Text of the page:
This first pass through Lightroom is simply going to adjust the angle of the image (if it's not flat), correct the white balance if needed, correct any distortions and do a first pass noise reduction. Correcting chromatic aberrations at this stage is important, as leaving them will result in them being heavily amplified in the final product. Same goes for noise; the HDR process generally results in the original noise being amplified somewhat. Therefore, reducing the noise at this stage will reduce the noise in the final image, however, as always, it's important to reduce the noise without losing any important details. Take the time to find the balance. Once I'm happy with the metered image, I right click on the image and copy the develop settings from it and paste them into the -2 & +2 images. I then select all 3 images, right click and select edit in > open as layers in photoshop.
Select all 3 layers and go to Edit menu, and select auto-align layers. Leave the align processing on auto. Once the images are aligned, go to File > Scripts > Export layers to files. Keep the images as 16 bit tifs.
Load the 3 bracketed images into Photomatix. I generally don't use the extra features of photomatix to correct aberrations and ghosting, as I’ve heard it does a reasonably foul job, but its up to you if you want to try it. Once the HDR image is combined, you get a screen with a lot of sliders on it.
Set the processing to 'detail enhancer'. Basically its the first set of sliders that are the most important. I usually set the strength to somewhere between 80-90, the saturation to taste, and the smoothing should be up at maximum or somewhere close to maximum. As for the rest of the settings, you're welcome to play, but I generally don't touch them. Sometimes I will adjust the white and black clipping points just to even out the histogram, but not much else is done here. After processing the image, save and exit.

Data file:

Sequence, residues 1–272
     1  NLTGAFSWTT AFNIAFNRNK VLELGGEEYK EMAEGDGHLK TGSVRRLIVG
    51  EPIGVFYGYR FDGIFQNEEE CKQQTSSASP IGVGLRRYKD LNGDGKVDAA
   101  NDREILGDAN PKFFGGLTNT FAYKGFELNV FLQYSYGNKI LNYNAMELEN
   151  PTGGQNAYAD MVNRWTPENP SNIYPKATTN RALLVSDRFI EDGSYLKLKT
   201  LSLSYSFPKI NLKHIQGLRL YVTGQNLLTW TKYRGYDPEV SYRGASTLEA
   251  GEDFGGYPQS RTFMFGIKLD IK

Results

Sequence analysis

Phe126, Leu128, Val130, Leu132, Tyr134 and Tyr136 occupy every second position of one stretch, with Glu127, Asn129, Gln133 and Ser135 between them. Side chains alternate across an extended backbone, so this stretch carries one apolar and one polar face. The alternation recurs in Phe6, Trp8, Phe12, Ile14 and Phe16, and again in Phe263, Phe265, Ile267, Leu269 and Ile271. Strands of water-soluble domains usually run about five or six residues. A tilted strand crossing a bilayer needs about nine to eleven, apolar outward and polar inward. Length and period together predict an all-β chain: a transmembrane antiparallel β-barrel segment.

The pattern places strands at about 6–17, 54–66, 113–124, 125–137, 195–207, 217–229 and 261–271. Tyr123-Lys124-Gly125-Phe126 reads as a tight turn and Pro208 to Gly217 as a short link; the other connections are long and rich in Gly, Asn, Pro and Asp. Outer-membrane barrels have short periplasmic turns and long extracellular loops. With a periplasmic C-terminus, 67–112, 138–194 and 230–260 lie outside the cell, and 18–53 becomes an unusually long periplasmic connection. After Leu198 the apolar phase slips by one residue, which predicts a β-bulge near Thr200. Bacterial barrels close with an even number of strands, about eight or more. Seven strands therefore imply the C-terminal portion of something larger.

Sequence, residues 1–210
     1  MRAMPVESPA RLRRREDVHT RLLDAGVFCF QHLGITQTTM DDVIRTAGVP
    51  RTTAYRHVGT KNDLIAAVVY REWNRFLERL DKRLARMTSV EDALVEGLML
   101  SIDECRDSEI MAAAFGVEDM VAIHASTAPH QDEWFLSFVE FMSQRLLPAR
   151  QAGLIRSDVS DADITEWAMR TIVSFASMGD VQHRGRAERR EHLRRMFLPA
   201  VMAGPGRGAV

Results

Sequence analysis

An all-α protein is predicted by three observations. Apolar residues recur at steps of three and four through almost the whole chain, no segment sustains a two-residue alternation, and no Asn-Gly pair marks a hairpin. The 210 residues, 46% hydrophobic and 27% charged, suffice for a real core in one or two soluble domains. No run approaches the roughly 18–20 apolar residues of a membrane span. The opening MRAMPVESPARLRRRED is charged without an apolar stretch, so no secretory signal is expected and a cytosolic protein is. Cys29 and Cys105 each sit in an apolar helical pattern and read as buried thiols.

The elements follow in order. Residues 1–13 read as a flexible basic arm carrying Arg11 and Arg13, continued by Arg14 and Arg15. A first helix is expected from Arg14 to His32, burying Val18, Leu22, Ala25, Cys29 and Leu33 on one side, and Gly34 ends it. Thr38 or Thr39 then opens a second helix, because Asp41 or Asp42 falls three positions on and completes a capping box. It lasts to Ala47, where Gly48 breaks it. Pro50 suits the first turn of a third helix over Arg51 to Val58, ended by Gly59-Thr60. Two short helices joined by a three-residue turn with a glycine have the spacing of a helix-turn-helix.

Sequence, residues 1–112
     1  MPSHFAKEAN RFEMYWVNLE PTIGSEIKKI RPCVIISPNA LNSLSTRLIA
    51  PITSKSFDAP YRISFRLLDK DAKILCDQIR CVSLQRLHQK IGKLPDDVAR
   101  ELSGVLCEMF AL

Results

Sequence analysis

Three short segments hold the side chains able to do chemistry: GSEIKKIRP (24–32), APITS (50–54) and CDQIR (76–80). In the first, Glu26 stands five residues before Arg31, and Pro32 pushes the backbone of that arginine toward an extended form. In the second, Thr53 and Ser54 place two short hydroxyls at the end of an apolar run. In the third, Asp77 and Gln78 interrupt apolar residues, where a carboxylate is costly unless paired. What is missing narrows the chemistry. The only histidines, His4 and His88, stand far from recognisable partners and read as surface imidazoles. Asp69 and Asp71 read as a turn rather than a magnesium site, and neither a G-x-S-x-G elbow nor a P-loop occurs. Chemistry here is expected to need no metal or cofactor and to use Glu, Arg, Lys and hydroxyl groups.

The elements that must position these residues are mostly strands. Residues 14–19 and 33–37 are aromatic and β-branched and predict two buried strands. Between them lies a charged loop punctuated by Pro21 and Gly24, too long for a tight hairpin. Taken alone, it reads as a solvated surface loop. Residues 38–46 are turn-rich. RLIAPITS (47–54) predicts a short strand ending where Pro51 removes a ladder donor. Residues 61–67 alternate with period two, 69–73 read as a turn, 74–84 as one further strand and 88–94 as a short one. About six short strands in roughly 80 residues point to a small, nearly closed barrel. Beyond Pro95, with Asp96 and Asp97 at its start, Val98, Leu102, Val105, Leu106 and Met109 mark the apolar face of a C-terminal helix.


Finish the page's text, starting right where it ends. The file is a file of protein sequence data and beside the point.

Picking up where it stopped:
Open the image in Photoshop and go for it. The rest is really up to you and what you need to do is determined by the individual image. Sometimes you do have to be a little heavy handed with the contrast and curves adjustments to cut through the haziness of the original HDR image. I use a lot of layer masking to edit individual parts of an image – Topaz Remask is fantastic for this, and I stole my fiancee's graphics tablet (which I bought for her) which speeds the masking process up a lot.
Various other adjustments I use frequently include levels, colour balance, selective colour, hue/saturation, brightness/contrast, shadows/highlights, etc.
Two things that can often be a problem in HDR imaging is colour over-saturation and haloing. I often have a number of desaturation layers in my projects to bring the image back into the realms of realism. Haloing is a tougher fix, often if you are careful in photomatix you can avoid any halos, but sometimes it is inevitable. Fixing this in photoshop is a tutorial in itself, which I will attempt at a later date.
Once I'm happy with the image, I save and import the new image into lightroom.
Any final adjustments are made here. Mild white balance, clarity and sometimes adjustment. Normally not a great deal as I'm usually fairly happy by the time I'm finished in Photoshop.
And that's about it. I hope by reading this far, you learned something. And please, if you have any pointers for me, I'm always looking to learn, so let me know!